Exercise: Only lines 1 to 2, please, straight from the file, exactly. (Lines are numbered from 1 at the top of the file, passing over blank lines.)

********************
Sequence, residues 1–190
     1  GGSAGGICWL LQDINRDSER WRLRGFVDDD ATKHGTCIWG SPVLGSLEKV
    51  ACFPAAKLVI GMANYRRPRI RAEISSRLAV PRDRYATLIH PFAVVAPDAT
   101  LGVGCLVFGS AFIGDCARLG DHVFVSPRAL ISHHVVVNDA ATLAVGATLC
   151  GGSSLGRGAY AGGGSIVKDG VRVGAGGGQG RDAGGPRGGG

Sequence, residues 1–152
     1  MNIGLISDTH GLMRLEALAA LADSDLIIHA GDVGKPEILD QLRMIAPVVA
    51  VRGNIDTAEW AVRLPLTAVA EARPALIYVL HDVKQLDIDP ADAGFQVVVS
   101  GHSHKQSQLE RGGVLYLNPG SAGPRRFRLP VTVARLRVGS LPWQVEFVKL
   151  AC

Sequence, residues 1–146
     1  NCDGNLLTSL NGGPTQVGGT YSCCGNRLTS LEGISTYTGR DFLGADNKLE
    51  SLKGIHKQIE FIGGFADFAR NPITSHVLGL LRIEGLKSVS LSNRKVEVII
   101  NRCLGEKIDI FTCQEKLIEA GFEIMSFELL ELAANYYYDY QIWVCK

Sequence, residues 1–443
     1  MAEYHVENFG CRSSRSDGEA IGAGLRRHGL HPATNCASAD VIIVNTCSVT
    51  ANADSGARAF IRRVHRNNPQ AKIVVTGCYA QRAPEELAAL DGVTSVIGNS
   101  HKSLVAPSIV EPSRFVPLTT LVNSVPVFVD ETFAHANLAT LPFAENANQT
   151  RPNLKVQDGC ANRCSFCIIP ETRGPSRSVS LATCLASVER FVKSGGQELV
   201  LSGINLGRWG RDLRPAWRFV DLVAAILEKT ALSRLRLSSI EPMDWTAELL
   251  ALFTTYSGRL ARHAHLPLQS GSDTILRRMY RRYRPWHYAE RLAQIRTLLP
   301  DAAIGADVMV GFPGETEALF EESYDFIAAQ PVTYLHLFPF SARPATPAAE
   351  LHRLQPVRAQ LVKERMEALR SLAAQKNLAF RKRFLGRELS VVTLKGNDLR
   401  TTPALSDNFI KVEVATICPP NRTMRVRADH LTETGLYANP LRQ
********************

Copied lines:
Sequence, residues 1–190
     1  GGSAGGICWL LQDINRDSER WRLRGFVDDD ATKHGTCIWG SPVLGSLEKV